It remains to be seen who they target, Zhang and Warren, but two things we know for sure are one, there won’t be another fight between Zhang and Joyce anytime soon, so mismatched were they on Saturday night, and two, very few of the heavyweights mentioned below will be in any rush to volunteer going up against “Big Bang” Zhang.
1) Tyson Fury, 33-0-1 (24)
Perhaps the easiest of all the fights to make, if only because Frank Warren promotes them both, this would be an interesting blend of styles and personalities, as well force a ring to buckle beneath the weight of two enormous heavyweights. It would be intriguing to see how Fury would go about trying to outbox Zhang, which would likely be the plan, and also how Zhang would go about closing the distance on Fury, which he would likely have to do to get any success.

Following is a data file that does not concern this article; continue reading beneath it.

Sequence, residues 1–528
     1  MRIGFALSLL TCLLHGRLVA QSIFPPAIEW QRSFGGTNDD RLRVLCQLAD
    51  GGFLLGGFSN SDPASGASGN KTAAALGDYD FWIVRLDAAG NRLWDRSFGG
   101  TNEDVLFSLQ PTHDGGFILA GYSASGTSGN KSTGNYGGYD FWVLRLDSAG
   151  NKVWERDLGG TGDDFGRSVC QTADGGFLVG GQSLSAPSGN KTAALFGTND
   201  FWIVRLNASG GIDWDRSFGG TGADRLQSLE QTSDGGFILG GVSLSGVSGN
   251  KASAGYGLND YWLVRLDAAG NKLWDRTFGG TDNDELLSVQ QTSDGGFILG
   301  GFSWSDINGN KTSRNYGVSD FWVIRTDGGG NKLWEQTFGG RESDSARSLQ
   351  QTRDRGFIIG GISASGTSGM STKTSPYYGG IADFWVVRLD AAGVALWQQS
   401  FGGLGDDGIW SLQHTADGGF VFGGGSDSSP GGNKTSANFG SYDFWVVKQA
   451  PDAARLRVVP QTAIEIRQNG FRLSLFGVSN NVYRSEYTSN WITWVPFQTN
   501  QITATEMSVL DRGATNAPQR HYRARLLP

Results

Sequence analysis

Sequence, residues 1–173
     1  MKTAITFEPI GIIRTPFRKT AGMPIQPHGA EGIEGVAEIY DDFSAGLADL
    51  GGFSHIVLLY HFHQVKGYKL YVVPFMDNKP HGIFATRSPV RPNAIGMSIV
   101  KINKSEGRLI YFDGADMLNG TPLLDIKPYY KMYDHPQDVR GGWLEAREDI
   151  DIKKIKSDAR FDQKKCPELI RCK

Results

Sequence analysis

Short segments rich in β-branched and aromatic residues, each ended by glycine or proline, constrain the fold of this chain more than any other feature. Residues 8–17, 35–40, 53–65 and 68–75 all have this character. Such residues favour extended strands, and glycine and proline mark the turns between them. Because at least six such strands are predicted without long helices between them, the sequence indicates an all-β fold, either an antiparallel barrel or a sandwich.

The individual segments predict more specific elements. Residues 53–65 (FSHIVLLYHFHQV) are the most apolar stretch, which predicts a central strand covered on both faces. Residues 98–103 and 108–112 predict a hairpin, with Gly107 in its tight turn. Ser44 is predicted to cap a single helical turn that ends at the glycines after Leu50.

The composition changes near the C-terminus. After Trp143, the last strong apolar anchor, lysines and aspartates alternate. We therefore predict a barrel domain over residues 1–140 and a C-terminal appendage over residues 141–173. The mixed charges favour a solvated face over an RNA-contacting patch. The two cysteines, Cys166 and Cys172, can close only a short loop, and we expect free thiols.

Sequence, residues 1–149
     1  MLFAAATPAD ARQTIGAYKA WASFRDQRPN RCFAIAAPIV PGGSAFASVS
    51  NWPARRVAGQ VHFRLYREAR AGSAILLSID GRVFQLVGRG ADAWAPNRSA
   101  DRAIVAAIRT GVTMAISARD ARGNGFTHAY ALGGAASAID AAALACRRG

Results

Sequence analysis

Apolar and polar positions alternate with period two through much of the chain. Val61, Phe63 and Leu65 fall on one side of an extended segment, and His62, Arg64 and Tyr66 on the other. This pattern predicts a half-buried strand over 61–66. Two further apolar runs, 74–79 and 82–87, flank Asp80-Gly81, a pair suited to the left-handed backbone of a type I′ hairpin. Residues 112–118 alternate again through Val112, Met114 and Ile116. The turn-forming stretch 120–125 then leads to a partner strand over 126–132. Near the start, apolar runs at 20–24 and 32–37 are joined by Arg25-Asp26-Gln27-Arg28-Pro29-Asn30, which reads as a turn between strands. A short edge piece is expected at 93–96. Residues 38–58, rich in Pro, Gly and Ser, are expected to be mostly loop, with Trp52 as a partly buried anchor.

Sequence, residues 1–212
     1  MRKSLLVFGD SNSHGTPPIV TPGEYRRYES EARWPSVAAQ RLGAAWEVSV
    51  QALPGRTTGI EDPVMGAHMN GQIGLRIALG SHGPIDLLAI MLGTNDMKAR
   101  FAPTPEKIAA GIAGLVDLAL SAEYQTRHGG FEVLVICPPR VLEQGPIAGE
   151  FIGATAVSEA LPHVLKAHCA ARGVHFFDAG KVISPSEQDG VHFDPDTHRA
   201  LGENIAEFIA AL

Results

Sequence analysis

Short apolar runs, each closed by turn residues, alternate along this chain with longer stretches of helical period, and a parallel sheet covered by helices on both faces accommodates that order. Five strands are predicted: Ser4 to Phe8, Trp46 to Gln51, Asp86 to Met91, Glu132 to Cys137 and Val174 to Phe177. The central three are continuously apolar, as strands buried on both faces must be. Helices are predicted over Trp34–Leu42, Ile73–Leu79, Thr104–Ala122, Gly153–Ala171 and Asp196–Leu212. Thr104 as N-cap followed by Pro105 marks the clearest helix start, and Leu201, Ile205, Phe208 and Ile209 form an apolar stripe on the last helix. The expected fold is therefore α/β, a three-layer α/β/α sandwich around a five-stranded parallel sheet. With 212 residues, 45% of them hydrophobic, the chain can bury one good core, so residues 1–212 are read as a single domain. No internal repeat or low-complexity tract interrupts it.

Ultimately, though, as intriguing as it would be, and as easy to make as it would seem, it is hard to imagine a scenario whereby Fury suddenly pivots from “boxing” a mixed martial artist like Francis Ngannou for mega money in the Middle East to then taking a difficult, high-risk, low-reward assignment in his natural habitat against a crafty southpaw like Zhang. Unfortunately, these are the not the kind of challenges of interest to Fury anymore.
2) Anthony Joshua, 26-3 (23)
Similarly, one struggles to see Joshua being any more enamoured by the idea of fighting Zhang than Fury at this point, if just for reasons pertaining to style. After all, the last thing Joshua needs, having lost twice against Oleksandr Usyk, is another methodical southpaw with a pesky back-hand and no small amount of composure. That said, it would be quite the statement if Joshua did indeed find it within himself to one day take the challenge on and ace it. In fact, it’s hard to think of a better way for the Londoner to exorcise those Usyk demons; save, that is, for somehow managing to beat Usyk in an unlikely third fight.
3) Oleksandr Usyk, 21-0 (14)